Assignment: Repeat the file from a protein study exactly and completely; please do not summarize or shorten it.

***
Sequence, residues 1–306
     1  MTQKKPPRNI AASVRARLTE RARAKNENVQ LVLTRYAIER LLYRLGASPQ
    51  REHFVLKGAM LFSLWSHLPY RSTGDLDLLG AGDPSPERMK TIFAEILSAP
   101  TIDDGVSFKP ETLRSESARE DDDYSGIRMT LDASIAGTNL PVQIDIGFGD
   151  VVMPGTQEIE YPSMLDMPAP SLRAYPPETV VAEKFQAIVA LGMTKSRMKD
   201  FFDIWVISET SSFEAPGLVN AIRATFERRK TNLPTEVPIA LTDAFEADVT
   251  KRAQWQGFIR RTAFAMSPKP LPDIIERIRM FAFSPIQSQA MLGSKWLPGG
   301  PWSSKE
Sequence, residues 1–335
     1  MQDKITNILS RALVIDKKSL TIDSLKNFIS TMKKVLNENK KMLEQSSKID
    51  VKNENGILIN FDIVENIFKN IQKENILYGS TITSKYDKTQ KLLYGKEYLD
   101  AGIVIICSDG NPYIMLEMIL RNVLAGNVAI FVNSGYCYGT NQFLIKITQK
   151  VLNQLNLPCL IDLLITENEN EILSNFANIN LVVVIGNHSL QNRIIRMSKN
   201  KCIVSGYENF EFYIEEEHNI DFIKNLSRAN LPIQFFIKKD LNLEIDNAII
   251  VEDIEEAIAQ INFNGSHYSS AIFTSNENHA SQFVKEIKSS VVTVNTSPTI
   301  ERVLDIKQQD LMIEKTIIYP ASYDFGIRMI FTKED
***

Sequence, residues 1–306
     1  MTQKKPPRNI AASVRARLTE RARAKNENVQ LVLTRYAIER LLYRLGASPQ
    51  REHFVLKGAM LFSLWSHLPY RSTGDLDLLG AGDPSPERMK TIFAEILSAP
   101  TIDDGVSFKP ETLRSESARE DDDYSGIRMT LDASIAGTNL PVQIDIGFGD
   151  VVMPGTQEIE YPSMLDMPAP SLRAYPPETV VAEKFQAIVA LGMTKSRMKD
   201  FFDIWVISET SSFEAPGLVN AIRATFERRK TNLPTEVPIA LTDAFEADVT
   251  KRAQWQGFIR RTAFAMSPKP LPDIIERIRM FAFSPIQSQA MLGSKWLPGG
   301  PWSSKE
Sequence, residues 1–335
     1  MQDKITNILS RALVIDKKSL TIDSLKNFIS TMKKVLNENK KMLEQSSKID
    51  VKNENGILIN FDIVENIFKN IQKENILYGS TITSKYDKTQ KLLYGKEYLD
   101  AGIVIICSDG NPYIMLEMIL RNVLAGNVAI FVNSGYCYGT NQFLIKITQK
   151  VLNQLNLPCL IDLLITENEN EILSNFANIN LVVVIGNHSL QNRIIRMSKN
   201  KCIVSGYENF EFYIEEEHNI DFIKNLSRAN LPIQFFIKKD LNLEIDNAII
   251  VEDIEEAIAQ INFNGSHYSS AIFTSNENHA SQFVKEIKSS VVTVNTSPTI
   301  ERVLDIKQQD LMIEKTIIYP ASYDFGIRMI FTKED